Best of the best: how to make the ultimate steak tartare

No shortcuts. No cheat ingredients. Our best of the best series takes the view that if something’s worth doing, We examine a classic dish, delving into the processes and analysing why it tastes so good, then we give you our ultimate recipe. This time: Pollyanna Coupland rustles up the French bistro classic, steak tartare…

Best of the best: how to make the ultimate steak tartare

My first experience with steak tartare was somewhat traumatic. At 17, my best friend and I were visiting Paris on our own. Having accidentally picked a hotel in the middle of the red light district and on top of bravely trying snails for the first time, it was mistakenly ordering a plate of raw beef that horrified me most.

Years later, that embarrassment long forgotten, it’s one of my favourite dishes (it’s even part of my death row meal) and steak tartare is having a bit of a moment. An innovative version appears on most small plates menus these days – and I’m not complaining. Riffs on the classic, including soy-cured egg yolks, oxtail jelly and smoked oyster emulsions, are fun excursions, but for our best-of-the-best version we’re looking at something more traditional and going back to the start.

An intriguing story surrounds the origins of steak tartare, which, as legend tells, is named after the 13th century ‘Tartars’, or Mongols as we now know them. They would place a strip of horsemeat under their saddles at the start of the day, then have a nicely tenderised piece of raw meat for supper. Sadly, the story has no foundations and the dish is, in fact, named after tartare sauce, which shares many of the same ingredients: egg yolk, oil, capers and cornichons.

As no cooking is involved, steak tartare is pretty simple to recreate at home. It’s all about good quality beef, keeping it cold and preparing it fresh. Even chilling the mixing bowl before using it is a good idea, so your raw meat stays as cold as possible.

Butcher’s choice

As you’re eating it raw, buy the highest quality beef from your local butcher – they can tell you how fresh it is. The most traditional cut to use is lean and tender fillet, which is a premium cut from the lower back of the cow. It’s a natural and wise choice, as you don’t want anything chewy or grisly and you don’t want any uncooked fat, which, while full of flavour when cooked, is unpleasant raw.

Some recipes specify ribeye or rump of beef, as they provide a ‘beefier’ flavour, but for me the tender texture of fillet is more important. If you’re looking for a slightly less pricey option, rump would be my second choice. If your beef is good quality, it will be safe to eat raw. If you’re still concerned, buy more steak than you need and finely slice off the edges (this is where any harmful bacteria would be), then use the centre for your tartare. Use the cooked trimmings in a salad or a little sandwich.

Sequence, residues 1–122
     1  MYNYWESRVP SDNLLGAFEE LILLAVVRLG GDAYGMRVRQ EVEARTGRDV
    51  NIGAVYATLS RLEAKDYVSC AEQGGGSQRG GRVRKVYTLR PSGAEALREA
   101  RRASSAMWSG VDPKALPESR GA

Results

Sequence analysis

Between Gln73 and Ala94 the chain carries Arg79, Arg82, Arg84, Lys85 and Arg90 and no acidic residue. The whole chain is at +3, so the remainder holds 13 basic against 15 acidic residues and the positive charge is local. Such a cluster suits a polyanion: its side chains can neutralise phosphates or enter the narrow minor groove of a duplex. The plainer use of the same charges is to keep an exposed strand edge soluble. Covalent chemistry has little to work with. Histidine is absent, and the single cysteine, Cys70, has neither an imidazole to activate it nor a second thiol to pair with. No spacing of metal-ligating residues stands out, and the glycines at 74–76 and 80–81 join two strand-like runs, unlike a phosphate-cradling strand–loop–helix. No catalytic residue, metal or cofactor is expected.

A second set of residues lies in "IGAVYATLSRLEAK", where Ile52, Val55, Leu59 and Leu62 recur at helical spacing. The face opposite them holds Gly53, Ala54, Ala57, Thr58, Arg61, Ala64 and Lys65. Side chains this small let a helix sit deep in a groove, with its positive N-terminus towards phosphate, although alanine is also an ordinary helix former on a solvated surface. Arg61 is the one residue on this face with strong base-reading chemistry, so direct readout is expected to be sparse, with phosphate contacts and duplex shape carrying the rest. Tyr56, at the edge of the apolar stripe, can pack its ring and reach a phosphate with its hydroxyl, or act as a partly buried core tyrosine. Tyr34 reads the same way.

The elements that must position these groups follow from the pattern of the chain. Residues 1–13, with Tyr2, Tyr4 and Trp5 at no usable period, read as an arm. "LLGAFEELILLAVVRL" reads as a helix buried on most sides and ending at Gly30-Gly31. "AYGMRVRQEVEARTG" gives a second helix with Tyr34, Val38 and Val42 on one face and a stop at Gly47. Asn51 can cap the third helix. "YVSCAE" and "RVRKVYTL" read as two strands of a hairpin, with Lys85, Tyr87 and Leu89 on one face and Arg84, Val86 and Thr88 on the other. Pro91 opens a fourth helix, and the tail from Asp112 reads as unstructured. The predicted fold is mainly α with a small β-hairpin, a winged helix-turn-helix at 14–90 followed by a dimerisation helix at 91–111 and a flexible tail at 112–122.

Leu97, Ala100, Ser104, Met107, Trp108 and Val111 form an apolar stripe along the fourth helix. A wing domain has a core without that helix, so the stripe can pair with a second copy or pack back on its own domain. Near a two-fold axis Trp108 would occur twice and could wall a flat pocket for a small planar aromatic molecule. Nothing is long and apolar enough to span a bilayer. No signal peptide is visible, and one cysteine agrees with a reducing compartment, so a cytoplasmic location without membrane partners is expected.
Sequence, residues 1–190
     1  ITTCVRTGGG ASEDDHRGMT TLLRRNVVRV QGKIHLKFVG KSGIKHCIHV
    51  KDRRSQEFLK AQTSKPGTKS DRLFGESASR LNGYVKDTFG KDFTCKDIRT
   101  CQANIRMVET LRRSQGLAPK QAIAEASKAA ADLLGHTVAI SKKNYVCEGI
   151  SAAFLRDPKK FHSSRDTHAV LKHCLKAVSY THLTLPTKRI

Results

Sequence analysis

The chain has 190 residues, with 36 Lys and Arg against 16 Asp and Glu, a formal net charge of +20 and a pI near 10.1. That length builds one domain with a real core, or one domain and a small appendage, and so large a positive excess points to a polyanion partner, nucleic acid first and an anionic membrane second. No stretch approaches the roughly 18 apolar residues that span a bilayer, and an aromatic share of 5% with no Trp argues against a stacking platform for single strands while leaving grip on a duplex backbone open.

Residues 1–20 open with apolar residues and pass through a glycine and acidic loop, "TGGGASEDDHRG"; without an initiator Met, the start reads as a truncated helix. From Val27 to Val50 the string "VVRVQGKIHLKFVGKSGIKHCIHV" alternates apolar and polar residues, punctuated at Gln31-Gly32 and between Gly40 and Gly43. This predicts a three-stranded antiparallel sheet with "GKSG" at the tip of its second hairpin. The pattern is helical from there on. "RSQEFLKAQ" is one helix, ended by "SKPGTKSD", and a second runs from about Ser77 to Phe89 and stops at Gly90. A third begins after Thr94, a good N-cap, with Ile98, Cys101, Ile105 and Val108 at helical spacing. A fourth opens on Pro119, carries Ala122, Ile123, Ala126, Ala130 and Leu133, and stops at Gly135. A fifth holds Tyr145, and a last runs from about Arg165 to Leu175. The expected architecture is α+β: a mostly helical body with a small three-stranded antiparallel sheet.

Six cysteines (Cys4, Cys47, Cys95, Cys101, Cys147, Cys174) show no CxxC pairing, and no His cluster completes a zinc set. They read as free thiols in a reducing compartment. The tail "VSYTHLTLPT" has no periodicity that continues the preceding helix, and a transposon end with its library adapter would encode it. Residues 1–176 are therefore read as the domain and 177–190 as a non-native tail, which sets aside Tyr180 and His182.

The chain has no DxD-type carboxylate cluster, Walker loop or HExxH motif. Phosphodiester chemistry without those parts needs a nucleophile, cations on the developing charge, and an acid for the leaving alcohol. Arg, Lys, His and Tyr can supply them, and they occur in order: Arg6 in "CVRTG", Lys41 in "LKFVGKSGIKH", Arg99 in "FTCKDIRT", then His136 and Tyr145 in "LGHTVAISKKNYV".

An important note! Never use mince or pre-chopped beef; the surface area open to bacteria is huge, which increases the chance of food poisoning. Dicing your beef immediately before serving and keeping it chilled is the way to go.

Steak tartare

To mince or to dice?

There is variation in how meat for steak tartare can be cut, from freshly ground through a mincer to diced into chunkier pieces for some texture. My preference is for something in between: finely diced so you’re left with a little texture but the mixture still binds well once the dressing is added. To do this, put your steak in the freezer for 45 minutes to firm up and make slicing easier.

First, cut against the grain to make sure you have no fibrous or chewy bits (this is almost like tenderising the meat), then slice into 5mm strips and finally dice.

Dress to impress

Restaurants usually serve steak tartare with an egg yolk nestled on top. While this does look beautiful, you get more control of the flavour if you create the dressing separately, taste to adjust the seasoning, then mix it through properly to coat the meat evenly – and for that you need the egg yolk. For the dressing the egg yolk is whisked with mustard and oil (plus my two not-so-secret ingredients for umami-spice, sriracha and ketchup) to create a thick, glossy emulsion, similar to a mayonnaise.

Dice the remaining dressing ingredients finely and evenly, so you get a bit of everything in every mouthful, and dress the beef just before serving. The acidic ingredients start ‘cooking’ the beef as soon as they come into contact, so if you dress it too early the meat will discolour, taking on an unappealing beige tint.

Belgian brilliance

I also looked to the Belgian version, filet américain, for inspiration. This uses ground beef rather than hand-minced and has mayonnaise instead of a dressing to bind. The result is more of a paste and, while delicious, it’s not what I think of when I’m in the mood for a tartare. I do, however, love the creaminess of the mayonnaise with the lean beef, so I’ve added an unprecedented garnish to my tartare: some pretty dots of parmesan mayo. Parmesan complements the umami-rich tartare and, I feel, makes up for the absence of a glistening golden egg yolk.

Ready to make this iconic dish? Here’s our best of the best steak tartare recipe.

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